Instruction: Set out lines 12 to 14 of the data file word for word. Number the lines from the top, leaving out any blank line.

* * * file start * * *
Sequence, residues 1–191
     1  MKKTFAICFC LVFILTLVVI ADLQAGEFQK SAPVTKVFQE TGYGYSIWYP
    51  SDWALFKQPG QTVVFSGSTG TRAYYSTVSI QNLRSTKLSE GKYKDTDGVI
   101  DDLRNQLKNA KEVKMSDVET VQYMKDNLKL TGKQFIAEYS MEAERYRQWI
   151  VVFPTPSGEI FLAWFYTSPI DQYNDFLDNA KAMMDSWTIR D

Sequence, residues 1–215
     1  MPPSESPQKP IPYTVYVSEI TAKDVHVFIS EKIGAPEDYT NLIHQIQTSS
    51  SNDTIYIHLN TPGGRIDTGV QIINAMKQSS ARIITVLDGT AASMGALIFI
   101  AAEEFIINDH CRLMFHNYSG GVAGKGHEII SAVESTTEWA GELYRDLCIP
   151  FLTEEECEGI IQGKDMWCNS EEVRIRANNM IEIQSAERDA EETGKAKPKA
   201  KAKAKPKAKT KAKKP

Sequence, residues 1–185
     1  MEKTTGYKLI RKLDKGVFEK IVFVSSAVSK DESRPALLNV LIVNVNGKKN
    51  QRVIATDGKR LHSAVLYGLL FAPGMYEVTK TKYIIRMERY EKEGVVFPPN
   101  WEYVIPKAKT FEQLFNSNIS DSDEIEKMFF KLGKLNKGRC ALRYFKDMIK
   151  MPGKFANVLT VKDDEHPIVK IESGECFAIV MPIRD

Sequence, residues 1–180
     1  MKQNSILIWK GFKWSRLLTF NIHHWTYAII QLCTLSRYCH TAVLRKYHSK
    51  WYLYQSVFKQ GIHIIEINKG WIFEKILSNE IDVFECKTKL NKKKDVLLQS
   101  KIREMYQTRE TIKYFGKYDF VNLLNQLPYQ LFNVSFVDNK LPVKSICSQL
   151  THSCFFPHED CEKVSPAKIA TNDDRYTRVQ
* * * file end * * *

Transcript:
Sequence, residues 1–185
     1  MEKTTGYKLI RKLDKGVFEK IVFVSSAVSK DESRPALLNV LIVNVNGKKN
    51  QRVIATDGKR LHSAVLYGLL FAPGMYEVTK TKYIIRMERY EKEGVVFPPN